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U of Sydney researchers find evidence of how hydrogen causes steel embrittlement

In a first, University of Sydney researchers have found evidence of how hydrogen causes embrittlement of steels. When hydrogen moves into steel, it makes the metal become brittle, leading to catastrophic failures. This has been one of the major challenges in moving towards a greener, hydrogen-fueled future, where steel tanks and pipelines are essential components that must be able to survive in pure hydrogen environments.

As described in a paper in Science, the researchers found that hydrogen accumulates at microstructures called dislocations and at the boundaries between the individual crystals that make up the steel. This accumulation weakens the steel along these features, leading to embrittlement.

Hydrogen embrittlement of high-strength steel is an obstacle for using these steels in sustainable energy production. Hydrogen embrittlement involves hydrogen-defect interactions at multiple-length scales. However, the challenge of measuring the precise location of hydrogen atoms limits our understanding. Thermal desorption spectroscopy can identify hydrogen retention or trapping, but data cannot be easily linked to the relative contributions of different microstructural features.

We used cryo-transfer atom probe tomography to observe hydrogen at specific microstructural features in steels. Direct observation of hydrogen at carbon-rich dislocations and grain boundaries provides validation for embrittlement models. Hydrogen observed at an incoherent interface between niobium carbides and the surrounding steel provides direct evidence that these incoherent boundaries can act as trapping sites. This information is vital for designing embrittlement-resistant steels.

—Chen et al.

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Top: Illustration highlighting the association of hydrogen (red) with dislocations in the crystal structure of steel. Bottom: Illustration highlighting the concentration of hydrogen atoms (red balls) at the crystal boundaries and dislocations in steel. Credit: University of Sydney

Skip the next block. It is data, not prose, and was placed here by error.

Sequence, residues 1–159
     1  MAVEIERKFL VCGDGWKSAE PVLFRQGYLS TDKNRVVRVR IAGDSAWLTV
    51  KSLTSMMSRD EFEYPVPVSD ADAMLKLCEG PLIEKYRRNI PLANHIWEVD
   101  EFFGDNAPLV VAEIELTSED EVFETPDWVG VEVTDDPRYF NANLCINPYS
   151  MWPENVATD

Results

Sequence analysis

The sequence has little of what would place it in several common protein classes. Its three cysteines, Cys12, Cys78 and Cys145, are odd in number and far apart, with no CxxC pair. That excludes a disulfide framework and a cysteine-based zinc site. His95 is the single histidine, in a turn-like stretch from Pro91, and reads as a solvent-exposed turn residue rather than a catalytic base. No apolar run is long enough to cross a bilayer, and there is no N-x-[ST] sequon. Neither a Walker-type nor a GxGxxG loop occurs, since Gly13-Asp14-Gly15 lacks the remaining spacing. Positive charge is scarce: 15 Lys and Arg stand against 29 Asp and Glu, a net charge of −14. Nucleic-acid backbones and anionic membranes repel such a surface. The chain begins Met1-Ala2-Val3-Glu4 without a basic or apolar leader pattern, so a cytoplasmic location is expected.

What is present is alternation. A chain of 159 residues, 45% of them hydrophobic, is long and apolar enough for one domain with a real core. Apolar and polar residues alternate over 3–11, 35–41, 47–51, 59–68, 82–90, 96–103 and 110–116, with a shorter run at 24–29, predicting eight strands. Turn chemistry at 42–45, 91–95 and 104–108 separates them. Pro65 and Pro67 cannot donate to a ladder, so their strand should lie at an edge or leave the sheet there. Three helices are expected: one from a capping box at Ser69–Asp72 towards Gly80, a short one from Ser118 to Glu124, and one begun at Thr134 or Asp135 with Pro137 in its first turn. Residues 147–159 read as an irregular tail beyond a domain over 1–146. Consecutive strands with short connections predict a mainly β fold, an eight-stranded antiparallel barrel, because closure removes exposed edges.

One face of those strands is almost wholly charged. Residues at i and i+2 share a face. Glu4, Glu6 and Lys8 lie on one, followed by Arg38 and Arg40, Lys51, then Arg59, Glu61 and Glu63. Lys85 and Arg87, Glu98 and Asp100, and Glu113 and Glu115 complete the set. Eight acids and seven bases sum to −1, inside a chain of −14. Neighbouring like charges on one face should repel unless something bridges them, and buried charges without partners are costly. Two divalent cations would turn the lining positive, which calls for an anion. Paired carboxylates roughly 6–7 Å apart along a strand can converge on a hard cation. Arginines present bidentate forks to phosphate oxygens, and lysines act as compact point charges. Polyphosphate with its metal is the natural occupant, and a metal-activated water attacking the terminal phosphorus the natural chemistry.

The researchers also found the first direct evidence that clusters of niobium carbide within the steel trap hydrogen in such a way that it cannot readily move to the dislocations and crystal boundaries to cause embrittlement. This effect has the potential to be used to design steels that can resist embrittlement.

Lead researcher Dr Yi-Sheng Chen from the Australian Centre for Microscopy and Microanalysis and Faculty of Engineering at the University of Sydney said these findings were an important step to finding a safe solution to produce, store and transport hydrogen.

These findings are vital for designing embrittlement-resistant steel; the carbides offer a solution to ensuring high-strength steels are not prone to early fracture and reduced toughness in the presence of hydrogen.

—Dr Chen

Senior author Professor Julie Cairney from the Australian Centre for Microscopy and Microanalysis and Faculty of Engineering at the University of Sydney said these findings were a positive step towards implementing clean fuels.

Hydrogen is a low carbon fuel source that could potentially replace fossil fuels. But there are challenges with the use of steel, the world's most important engineering material, to safely store and transport it. This research gives us key insights into how we might be able to improve this situation.

—Prof Cairney

Working in partnership with CITIC Metal, the researchers were able directly to observe hydrogen at microstructures in steels using Microscopy Australia’s state-of-the-art custom-designed cryogenic atom probe microscope.

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Atom probe image showing accumulations of hydrogen (red) at carbon-rich (blue) dislocations in steel. This evidence underpins the theoretical prediction of the origin of hydrogen embrittlement that limits the progress of hydrogen economy. Credit: University of Sydney


Resources

  • Yi-Sheng Chen, Hongzhou Lu, Jiangtao Liang, Alexander Rosenthal, Hongwei Liu, Glenn Sneddon, Ingrid Mccarroll, Zhengzhi Zhao, Wei Li, Aimin Guo, Julie M. Cairney (2020) “Observation of hydrogen trapping at dislocations, grain boundaries, and precipitates” Science doi: 10.1126/science.aaz0122

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